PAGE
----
And to my fellow believers, my spiritual family, I pray that you know deep in your bones how wildly loved you are. 

-But-

I hope that you also remember that none of us, not one, are righteous. That if we were able to measure up to God’s standard on our own accord, there would have been no need for Christ to come and die. I hope that you remember your own awakening to this kingdom of faith, and realize that it was the voice of love, and not the voice of condemnation or fear, that drew you in. It is my conviction that the Kingdom of God would be much more close at hand if we His children encountered the world with an attitude of radical love, not condemnation.

Yes, I agree, sin is sin. Yet it seems lately more convenient to concern ourselves with the specks in the eyes of others. What planks hinder our vision today? Could it be that our preoccupation with legislating morality is actually hurting the kingdom cause? 

Jesus showed outright love and compassion to those the world condemned. The adulterous. The woman at the well. Zacchaeus. The thieves on the cross. He reserved his condemnation for the Pharisees, the moneychangers in the temple. Those who benefited from his grace yet did not extend said grace to others. 

I will admit – I have no answers. I do not actually know what Jesus would do if he lived in America today. But I have read the Bible. A few times. And much more than a rulebook, the Bible is a love story. And in this book, we are not the mighty hero. We are in the damsel in distress. Needing a rescue. Drowning in a flood of our own making. The thought of which reminds me to end with this: to my fellow Christians…

Jesus loves you. Y O U. And so do I…

Are you a real person? Am I? What about them? 

True fact. I have birthed two babies in the last five years. Which means, in the last five years I have gained and lost 50 pounds. Twice. I have been all the sizes. All of them. I may never have been skinny, but I have certainly been fat.

My friend, who has been in the same situation, remarked yesterday that she was shocked at how differently people treat her now that she has lost the baby weight as opposed to before. She recently took a flight for a work related trip. She couldn’t believe how different way she was treated this time than she was a few months – and several pounds – ago. 

I have had the same experience. When I weighed more, I received less eye contact. People didn’t hold the door open for me or smile for me nearly as much. It could be argued that this was just my perception, since I felt more insecure about myself, but the difference is so marked that I am convinced it goes beyond that. 

And what’s more, I am convinced that this is not just an experience of people that struggle with weight. Watching and listening to the national discourse over the last few months, I truly believe that different people have different experience in this world. And let me say right now that this is not a political blog. I’m not pushing a feminist or leftist worldview here. However, I do want to make an appeal to my fellow brothers and sisters in Christ. This is not right.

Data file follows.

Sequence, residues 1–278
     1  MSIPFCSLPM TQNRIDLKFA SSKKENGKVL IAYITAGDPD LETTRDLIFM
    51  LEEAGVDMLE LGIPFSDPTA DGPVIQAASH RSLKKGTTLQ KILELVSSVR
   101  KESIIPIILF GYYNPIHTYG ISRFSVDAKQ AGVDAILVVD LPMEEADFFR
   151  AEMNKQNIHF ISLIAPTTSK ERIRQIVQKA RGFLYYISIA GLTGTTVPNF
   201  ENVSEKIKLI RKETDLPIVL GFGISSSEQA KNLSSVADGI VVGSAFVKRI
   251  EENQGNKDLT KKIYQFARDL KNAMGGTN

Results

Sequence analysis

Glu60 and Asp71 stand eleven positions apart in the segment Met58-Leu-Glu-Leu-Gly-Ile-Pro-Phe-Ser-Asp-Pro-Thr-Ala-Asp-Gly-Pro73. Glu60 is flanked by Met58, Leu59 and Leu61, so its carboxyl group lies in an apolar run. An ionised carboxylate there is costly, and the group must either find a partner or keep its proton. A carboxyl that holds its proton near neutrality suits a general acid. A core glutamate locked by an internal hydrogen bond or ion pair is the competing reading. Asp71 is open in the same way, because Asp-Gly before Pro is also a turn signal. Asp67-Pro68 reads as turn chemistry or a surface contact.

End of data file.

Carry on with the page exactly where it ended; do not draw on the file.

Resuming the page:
I don’t care how you feel about federal funding, immigration, abortion, politics. (Or perhaps I do, but not in this blog). What I do care about is how we as Christ’s image bearers treat our fellow man. 

By this everyone will know that you are my disciples, if you love one another. 

John 13:35

The story of the New Testament is one of a struggle for identity in the new church. There was a constant debate going on about who is on the inside and who was on the outside. Jews versus Gentiles. Circumcised versus uncircumcised. The rights of women. Who is allowed at the Lord’s supper. Which widows and orphans are allowed support by the church. And again and again the same answer prevailed. All are welcome. We are all sinners, all redeemed by grace. Through the blood of Christ, we all are equal.

It is the habit of our fallen nature to discriminate. To decide who is like us, who is acceptable, who is worthy of notice, of compassion, of kindness. But Jesus made a business of reaching out to those not universally accepted. The Gentile, the adulterous, the woman, the child, the tax collector, the day laborers, the uneducated. People whose stature in society was low. People who did not get doors held open for them, or eye contact, or friendly words from strangers.

And we as Christians are called to follow that example. Which has convicted me lately – what are my unconscious biases?

Last week I was walking downtown on my way back from lunch when I saw an elderly African-American gentleman stumbling in front of me. His appearance was disheveled. Instinctively I tightened my grip on my purse and looked around me. But then, I checked myself. This man was not drunk. He was not interacting with anybody on the street. He was elderly, poor, and disabled. And my first inclination was not to offer aid, assistance, or compassion. It was to guard against him. I stood convicted by the Holy Spirit.